By John Vibes
The state of Wyoming recently passed Senate Bill 12, the Data Trespass Bill, which will prevent people from collecting evidence of pollution, even on public lands.
The bill prohibits the “collecting of information” on property that the person does not own, even public and federal land.
According to the text of the bill, it is now illegal to “take a sample of material, acquire, gather, photograph or otherwise preserve information in any form from open land which is submitted or intended to be submitted to any agency of the state or federal government.”
Justin Pidot, an assistant professor at the University of Denver Sturm College of Law recently told Think Progress that:
“People on the ground, who have been engaged in this kind of data collection in the past, now have to face the worry about being potentially prosecuted. The chilling effect on citizen participation is huge.”
“This is sort of a new tactic we’re seeing, where state governments are trying to build legal rules that prevent people from uncovering information about favored industrial groups. I think it’s very concerning as a phenomenon,” he added.
Even collecting evidence or photos from a national park could lead to criminal charges.
“We are deeply concerned that this poorly written and overly vague bill will prevent concerned citizens and students from undertaking valuable research projects on public lands, out of fear of accidentally running afoul of the new law (the scope of which no one clearly understands) and being criminally and civilly prosecuted,” Connie Wilbert of the Sierra Club said in a statement.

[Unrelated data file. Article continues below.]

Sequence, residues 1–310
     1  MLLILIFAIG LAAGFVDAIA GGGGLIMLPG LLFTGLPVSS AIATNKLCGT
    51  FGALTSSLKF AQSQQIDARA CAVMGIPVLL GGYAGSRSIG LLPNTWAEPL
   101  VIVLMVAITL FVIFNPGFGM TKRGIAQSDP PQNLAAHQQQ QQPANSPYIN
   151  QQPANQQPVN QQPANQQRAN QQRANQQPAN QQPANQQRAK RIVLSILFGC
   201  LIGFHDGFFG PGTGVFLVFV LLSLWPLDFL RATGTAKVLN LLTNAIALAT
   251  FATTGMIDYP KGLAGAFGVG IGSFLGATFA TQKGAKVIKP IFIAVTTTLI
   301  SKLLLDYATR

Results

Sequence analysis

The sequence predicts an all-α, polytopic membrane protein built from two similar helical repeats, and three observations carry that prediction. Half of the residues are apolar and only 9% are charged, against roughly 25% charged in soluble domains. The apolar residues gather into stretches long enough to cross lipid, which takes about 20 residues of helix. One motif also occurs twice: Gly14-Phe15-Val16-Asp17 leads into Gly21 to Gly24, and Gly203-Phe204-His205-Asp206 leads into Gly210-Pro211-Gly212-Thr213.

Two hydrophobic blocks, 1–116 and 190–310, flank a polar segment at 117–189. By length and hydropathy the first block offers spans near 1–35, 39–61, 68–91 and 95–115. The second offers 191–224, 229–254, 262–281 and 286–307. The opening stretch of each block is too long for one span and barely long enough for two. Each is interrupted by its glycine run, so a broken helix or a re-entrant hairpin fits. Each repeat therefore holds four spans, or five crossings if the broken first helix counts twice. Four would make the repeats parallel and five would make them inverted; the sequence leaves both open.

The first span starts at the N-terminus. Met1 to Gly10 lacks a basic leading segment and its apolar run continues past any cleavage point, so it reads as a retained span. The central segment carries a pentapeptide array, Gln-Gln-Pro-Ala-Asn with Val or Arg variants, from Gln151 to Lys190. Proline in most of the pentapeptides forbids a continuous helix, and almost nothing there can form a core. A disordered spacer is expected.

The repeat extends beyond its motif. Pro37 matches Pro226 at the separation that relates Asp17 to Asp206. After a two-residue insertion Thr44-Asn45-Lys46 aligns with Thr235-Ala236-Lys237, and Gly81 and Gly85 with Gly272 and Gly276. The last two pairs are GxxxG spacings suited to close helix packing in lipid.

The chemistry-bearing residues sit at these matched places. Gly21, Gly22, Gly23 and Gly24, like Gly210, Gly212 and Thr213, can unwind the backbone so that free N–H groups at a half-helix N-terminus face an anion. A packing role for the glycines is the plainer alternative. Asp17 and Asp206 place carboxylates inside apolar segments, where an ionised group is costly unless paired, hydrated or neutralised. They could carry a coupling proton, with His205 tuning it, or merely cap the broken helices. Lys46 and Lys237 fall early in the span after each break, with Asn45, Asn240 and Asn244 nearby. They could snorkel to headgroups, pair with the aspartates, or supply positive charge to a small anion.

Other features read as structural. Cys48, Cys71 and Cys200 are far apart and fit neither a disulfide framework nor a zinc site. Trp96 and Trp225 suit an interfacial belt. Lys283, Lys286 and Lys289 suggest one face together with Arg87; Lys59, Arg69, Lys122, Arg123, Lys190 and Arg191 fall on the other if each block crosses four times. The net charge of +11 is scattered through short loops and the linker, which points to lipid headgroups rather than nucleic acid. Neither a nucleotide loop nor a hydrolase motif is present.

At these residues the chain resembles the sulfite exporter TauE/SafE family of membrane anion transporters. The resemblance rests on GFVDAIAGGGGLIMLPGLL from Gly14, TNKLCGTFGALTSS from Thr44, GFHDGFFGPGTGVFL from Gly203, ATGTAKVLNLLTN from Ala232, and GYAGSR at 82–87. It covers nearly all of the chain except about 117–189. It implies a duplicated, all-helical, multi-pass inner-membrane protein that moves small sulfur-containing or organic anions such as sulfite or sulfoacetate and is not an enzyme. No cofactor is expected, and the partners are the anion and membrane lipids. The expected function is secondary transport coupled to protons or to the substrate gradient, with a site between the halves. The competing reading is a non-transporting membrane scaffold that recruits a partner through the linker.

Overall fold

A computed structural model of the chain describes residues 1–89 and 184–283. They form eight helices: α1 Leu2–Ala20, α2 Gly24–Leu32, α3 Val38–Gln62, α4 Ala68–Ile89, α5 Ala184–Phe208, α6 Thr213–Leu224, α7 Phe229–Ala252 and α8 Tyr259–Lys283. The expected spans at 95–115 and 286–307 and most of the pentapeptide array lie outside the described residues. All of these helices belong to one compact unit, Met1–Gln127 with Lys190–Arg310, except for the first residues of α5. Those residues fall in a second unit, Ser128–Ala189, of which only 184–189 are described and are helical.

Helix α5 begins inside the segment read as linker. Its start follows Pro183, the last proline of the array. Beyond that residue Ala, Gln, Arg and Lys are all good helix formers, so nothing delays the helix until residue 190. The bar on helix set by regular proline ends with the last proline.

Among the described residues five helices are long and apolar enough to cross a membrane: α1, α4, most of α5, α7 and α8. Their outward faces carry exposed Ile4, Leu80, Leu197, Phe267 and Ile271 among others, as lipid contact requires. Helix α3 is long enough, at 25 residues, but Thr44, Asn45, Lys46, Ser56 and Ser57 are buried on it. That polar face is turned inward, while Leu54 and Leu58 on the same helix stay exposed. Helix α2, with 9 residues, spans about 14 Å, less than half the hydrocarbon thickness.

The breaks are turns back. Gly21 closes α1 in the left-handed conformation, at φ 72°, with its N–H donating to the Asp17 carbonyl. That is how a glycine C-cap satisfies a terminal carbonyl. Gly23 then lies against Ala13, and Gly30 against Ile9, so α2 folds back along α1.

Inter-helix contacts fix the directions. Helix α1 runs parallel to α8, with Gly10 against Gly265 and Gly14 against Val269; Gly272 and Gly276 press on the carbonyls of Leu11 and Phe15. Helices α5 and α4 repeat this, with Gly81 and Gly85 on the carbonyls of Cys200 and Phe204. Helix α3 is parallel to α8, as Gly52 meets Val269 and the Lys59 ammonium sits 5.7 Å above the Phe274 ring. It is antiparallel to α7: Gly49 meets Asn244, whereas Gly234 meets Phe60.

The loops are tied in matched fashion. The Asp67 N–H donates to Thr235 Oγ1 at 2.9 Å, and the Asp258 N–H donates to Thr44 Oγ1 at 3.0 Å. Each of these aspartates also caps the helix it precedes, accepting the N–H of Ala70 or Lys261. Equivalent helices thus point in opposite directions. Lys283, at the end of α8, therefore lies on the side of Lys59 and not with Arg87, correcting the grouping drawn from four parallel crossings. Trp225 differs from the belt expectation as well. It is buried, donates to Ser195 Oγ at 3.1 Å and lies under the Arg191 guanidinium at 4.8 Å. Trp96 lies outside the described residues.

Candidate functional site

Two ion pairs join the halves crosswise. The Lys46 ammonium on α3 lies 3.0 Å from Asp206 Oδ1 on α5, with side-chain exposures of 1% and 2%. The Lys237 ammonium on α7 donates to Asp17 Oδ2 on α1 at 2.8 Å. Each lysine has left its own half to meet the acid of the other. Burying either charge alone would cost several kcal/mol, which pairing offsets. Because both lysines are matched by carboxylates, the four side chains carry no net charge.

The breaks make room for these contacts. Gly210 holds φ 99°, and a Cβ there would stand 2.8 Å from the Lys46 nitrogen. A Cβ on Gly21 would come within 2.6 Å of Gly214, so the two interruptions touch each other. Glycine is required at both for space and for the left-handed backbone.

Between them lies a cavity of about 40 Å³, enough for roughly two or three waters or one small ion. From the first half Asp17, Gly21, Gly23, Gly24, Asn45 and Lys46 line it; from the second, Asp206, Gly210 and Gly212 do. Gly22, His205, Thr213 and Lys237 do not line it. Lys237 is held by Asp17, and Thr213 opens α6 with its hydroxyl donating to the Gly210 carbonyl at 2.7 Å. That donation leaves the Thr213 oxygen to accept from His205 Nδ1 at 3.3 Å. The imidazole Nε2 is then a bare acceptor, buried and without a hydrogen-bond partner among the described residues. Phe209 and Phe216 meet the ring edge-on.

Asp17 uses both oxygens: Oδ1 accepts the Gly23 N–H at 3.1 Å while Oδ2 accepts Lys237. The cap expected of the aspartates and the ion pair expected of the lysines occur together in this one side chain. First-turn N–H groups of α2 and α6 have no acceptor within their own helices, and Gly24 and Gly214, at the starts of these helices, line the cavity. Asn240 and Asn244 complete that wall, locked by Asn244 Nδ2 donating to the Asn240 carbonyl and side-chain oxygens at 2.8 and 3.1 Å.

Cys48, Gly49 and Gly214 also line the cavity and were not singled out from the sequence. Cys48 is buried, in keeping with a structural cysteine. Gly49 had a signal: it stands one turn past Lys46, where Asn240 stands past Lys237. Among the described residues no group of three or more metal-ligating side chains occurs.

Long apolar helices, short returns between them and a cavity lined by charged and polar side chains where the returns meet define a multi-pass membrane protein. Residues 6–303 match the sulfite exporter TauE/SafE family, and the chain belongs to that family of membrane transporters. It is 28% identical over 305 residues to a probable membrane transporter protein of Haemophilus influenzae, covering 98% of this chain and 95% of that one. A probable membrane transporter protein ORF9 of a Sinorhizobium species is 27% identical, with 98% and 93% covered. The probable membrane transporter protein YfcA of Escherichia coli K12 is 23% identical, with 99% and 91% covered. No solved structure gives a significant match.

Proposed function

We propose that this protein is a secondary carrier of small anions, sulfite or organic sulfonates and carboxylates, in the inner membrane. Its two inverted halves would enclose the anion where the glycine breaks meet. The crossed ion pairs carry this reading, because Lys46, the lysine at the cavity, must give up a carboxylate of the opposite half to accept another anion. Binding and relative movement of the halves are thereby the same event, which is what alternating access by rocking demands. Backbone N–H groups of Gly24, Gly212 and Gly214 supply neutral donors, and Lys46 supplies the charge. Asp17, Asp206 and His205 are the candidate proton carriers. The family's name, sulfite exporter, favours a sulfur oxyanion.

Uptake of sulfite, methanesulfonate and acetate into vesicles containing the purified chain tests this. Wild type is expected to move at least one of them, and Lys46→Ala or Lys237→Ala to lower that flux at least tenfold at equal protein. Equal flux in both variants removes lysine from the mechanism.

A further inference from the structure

These laws are similar to the “ag-gag” laws that prevent activists from collecting evidence from factory farms.
The first Ag Gag prosecution to occur in the United States happened in Utah, in 2013. Amy Meyer filmed a live cow being hauled away in a bulldozer at a slaughterhouse.
She was doing this from a public street. The facility owner confronted her and then called the cops.
Since that incident ag-gag legislation has been proposed in a number of different states, and may possibly end up as a federal policy as well.
“What do we, as a society, believe is the role of citizens in ensuring that truthful information about wrongful conduct is made available, to both the public and the government? In the absence of that information, the government has the luxury of pretending there aren’t any problems,” Pidot said.